In this month’s article, Schaeffler replace the timing belt and water pump on a 2008 Volkswagen Beetle 1.9 TDI (BSW engine) that has covered just over 66,000 miles.
Volkswagen released the new Beetle in 1997. Prior to that, two concept cars had been designed and a strong demand had been noticed for a new Beetle, which went into production and was based on a Golf platform. Assembly took place in Mexico and it was available in petrol and diesel, with two body types; coupe and convertible.
This engine has been identified as an interference type, so in the event of a timing belt failure, the likelihood of engine damage is extremely high. It is always important to install a new timing belt system on an engine at ambient room temperature. Always adhere to turning the engine in direction of rotation unless otherwise advised by the installation instructions. Recommended torque values should always be used. It is also recommended that all the tensioners, idlers and fixings are replaced at the same time as the timing belt.
For safety reasons, it is best practice to disconnect the battery earth lead. The vehicle may also be fitted with locking wheel bolts, so make sure the key is available before starting the repair.
For this repair, the workshop equipment used was a two-post ramp, crank and camshaft locking tools, two pin tensioner wrench, engine support and a stud extractor.
All workshop repair information and repair times are available from www.repxpert.co.uk.
With the vehicle placed on the ramp, start by removing the engine cover, then remove the top intercooler hose, coolant expansion tank, fuel filter and fuel filter mounting bracket (see below).
Remove the tension from the auxiliary drive belt and lock the tensioner with a pin (see below), remove the auxiliary drive belt, check the auxiliary drive belt for wear and cracking/perishing and replace if required. Also, check the Over Running Alternator Pulley (OAP) for correct operation and then remove the auxiliary belt tensioner.
Raise the ramp, remove the o/s/f wheel, the lower intercooler hose, the engine under tray and then the o/s/f wheel arch liner, o/s lower engine cover (see below), and lastly remove the metal mounting bracket and the crankshaft front pulley. At this point, we need to support the engine as the engine mounting needs to be removed. This can be done with either an engine brace beam, a support that is located on the front sub-frame or, in this instance, we supported the engine with an axle stand, as most of the work is carried out from above.
Support the engine, then remove the engine mount and disconnect the mounting bracket from the engine block. This cannot be removed as there is not enough clearance, but can be manoeuvred to allow belt replacement. Now remove the upper timing belt cover, and then with access through the o/s/f wheel arch, take off the two lower timing belt covers, rotate the engine in a clockwise direction and align the timing marks. Then insert locking tools into the crankshaft (see below), and the camshaft (see below).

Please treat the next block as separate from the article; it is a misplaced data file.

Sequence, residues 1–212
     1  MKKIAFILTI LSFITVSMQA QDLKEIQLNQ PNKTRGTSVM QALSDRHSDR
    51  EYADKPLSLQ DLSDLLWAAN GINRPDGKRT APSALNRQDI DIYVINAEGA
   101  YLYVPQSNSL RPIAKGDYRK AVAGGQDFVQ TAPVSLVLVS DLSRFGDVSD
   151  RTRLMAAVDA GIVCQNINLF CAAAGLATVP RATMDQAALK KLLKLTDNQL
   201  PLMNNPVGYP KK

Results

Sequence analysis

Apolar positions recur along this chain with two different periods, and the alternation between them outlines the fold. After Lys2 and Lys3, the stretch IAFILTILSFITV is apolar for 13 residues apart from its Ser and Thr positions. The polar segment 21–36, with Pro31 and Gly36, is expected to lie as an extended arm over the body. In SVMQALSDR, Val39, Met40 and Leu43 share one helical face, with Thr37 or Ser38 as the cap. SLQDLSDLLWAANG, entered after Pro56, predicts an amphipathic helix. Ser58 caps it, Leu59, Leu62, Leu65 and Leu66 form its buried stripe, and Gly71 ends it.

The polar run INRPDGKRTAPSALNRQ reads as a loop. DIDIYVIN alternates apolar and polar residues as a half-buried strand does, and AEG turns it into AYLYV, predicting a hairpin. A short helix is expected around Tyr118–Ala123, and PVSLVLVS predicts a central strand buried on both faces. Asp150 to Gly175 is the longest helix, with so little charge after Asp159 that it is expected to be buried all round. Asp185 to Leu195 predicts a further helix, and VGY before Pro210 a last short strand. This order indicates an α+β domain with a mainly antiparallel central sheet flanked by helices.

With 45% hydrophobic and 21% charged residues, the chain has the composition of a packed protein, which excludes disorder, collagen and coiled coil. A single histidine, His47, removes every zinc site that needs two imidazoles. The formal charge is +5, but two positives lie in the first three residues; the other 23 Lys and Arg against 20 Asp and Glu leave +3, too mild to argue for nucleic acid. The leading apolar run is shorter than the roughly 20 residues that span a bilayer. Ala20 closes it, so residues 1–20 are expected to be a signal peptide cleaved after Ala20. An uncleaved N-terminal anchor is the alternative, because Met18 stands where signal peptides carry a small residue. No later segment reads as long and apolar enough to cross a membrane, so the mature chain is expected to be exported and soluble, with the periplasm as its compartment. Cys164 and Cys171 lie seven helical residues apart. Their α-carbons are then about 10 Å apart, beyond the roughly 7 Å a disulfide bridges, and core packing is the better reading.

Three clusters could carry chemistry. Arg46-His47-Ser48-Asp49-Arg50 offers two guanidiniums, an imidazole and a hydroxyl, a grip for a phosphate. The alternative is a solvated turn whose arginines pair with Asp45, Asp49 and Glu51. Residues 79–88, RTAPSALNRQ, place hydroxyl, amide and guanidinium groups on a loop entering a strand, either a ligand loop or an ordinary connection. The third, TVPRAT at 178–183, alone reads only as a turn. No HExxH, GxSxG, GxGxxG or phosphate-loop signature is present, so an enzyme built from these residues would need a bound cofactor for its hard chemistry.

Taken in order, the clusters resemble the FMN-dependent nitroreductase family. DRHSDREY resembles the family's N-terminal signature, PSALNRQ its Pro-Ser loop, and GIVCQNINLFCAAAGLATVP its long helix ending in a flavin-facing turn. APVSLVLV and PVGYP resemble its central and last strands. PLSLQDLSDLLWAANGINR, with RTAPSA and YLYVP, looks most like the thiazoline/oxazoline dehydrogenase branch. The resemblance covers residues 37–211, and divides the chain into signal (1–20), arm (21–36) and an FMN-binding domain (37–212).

Once the cam and crank have been locked, slacken the tensioner nut, remove the tension from the belt and then take out the timing belt and the tensioner. A crucial point of this repair is to replace the studs for the tensioner and the idler (see below). They were removed easily with a socket type stud extractor and replaced and torqued with the same stud tool (the torque procedure of these studs is very important, so always refer to the latest information).
Now take out the water pump by removing the three retaining bolts and easing the pump out of the engine block, and then drain the engine coolant into a tray placed under the vehicle. Once drained, ensure the mounting and sealing faces for the pump are clean and dry, install the new water pump and tighten to the manufacturer’s specification. Remove and dry any remaining coolant in the timing belt area and fit the new idler and tensioner.
Using a counter-hold tool, slacken the three retaining bolts on the camshaft pulley and rotate the camshaft pulley in a clockwise direction until it is against its stops (see below). Now fit the new timing belt, starting on the crank pulley, then the idler, tensioner, camshaft pulley, and finishing off at the water pump.
The belt will have to be fed around the engine mounting bracket during installation, and once installed on all pulleys, tension the tensioner in a clockwise direction until the pointer lines up with the slot in the back plate (Fig 8). Torque the tensioner and the idler, hold the camshaft pulley with a counter-hold tool and torque the three bolts.
Remove the crankshaft and camshaft locking tools, and then rotate the engine two complete revolutions in a clockwise direction, this can be done using a socket on the crankshaft centre bolt. Re-install the locking pins to ensure the timing is correct and then check the tension is still correct on the tensioner pointer.
Re-install all items in reverse order of removal. Ensure the engine mounting is in a relaxed position when tightening, and refill the cooling system with new coolant once the expansion tank is installed (always ensure the correct specification of coolant is being used). It is strongly advised to rotate the engine a number of times before starting to check for any interference. Once the repair is complete, with the engine running, bleed the cooling system and carry out a road test to ensure the coolant level is correct.